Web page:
13 Apr 2003

Alison’s PhD

This past week, my wife’s dissertation was aproved by Columbia’s dissertation office, meaning the printouts had the right margins, her paperwork made its way from the Art History department, her library fees were all paid, her account was in good standing, and 12 years of your typical bureaucratic wrangling has sorted itself out.

I’m very proud of Alison for seeing this project through. It was a long project, beginning back in 1997 when we took our first trip to Cahors in southern France and she got the idea of doing a massive geographic survey of Romanesque architecture. But it’s not just the length, it’s the fact that she did it on her own (with a little technical and minor logistical help from me, but my whining cancels that out), often against hardship imposed by lesser or more jaded minds. If anyone had thought that academics was about the pursuit of knowledge and study, to understand our place in history and in the universe, they would be pretty much wrong. Academics is dominated by small minds and people who try to stop the proliferation of great ideas, just like in other pursuits. There really is no good home for people who want to pursue true, pure knowledge and understanding.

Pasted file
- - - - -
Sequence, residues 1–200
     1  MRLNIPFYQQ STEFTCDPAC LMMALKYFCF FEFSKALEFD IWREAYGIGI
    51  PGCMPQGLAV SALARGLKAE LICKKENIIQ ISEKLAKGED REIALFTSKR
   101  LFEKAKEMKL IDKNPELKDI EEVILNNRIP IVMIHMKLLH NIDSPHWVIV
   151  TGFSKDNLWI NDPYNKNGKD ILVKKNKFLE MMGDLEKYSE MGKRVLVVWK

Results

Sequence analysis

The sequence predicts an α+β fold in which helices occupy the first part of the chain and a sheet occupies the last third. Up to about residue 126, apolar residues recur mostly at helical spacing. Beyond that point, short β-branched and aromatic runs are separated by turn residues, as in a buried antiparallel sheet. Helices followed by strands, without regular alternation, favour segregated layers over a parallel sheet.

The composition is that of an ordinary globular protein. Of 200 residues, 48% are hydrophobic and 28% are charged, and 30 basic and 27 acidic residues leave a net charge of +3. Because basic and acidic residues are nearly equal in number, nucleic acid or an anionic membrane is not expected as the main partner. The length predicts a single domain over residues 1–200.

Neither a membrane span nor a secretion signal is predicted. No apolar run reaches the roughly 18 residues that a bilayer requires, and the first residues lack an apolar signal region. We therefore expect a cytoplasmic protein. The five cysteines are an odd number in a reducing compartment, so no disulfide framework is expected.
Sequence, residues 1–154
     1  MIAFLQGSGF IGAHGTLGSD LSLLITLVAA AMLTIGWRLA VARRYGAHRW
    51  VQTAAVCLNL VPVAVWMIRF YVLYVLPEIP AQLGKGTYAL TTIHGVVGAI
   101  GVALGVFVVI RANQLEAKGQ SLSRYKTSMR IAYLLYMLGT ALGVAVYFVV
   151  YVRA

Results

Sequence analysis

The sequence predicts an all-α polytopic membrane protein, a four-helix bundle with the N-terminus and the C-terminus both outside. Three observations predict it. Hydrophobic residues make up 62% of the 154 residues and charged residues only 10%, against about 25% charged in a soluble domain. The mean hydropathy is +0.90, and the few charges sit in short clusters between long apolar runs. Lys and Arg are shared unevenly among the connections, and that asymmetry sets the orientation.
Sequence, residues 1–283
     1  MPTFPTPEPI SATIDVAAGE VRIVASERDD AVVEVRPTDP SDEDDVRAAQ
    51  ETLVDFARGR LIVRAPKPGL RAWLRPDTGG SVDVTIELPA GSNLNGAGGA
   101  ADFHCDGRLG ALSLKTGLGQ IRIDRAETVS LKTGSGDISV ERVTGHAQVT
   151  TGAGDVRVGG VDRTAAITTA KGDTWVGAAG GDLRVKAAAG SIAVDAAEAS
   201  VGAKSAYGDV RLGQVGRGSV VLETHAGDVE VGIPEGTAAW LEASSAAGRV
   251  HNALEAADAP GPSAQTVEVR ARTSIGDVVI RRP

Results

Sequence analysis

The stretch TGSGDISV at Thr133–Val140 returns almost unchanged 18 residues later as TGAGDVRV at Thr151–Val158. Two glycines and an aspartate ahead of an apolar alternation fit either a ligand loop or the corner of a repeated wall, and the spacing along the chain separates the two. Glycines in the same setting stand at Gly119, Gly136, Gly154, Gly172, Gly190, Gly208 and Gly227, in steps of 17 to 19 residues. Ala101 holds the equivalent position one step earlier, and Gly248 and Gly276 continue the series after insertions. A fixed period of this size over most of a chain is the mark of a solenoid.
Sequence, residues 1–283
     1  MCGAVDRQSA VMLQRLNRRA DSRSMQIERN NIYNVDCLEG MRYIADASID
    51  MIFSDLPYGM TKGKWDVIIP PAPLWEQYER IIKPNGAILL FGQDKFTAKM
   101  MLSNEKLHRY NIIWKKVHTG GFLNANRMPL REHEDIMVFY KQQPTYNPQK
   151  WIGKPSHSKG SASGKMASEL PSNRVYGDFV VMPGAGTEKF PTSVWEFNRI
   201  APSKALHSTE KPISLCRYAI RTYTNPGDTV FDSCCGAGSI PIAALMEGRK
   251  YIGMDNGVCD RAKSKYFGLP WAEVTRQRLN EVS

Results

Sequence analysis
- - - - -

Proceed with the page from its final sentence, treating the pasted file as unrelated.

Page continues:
One thought on “Alison’s PhD

  1. Now that I have seen the work and talked to Alison about what she accomplished, I have decided that there can’t be many people who could have stayed the course of such a huge project that met such a big and frustrating obstacle. I am mighty encouraged to attack my baby-sized obstacles with similar perspicacity.

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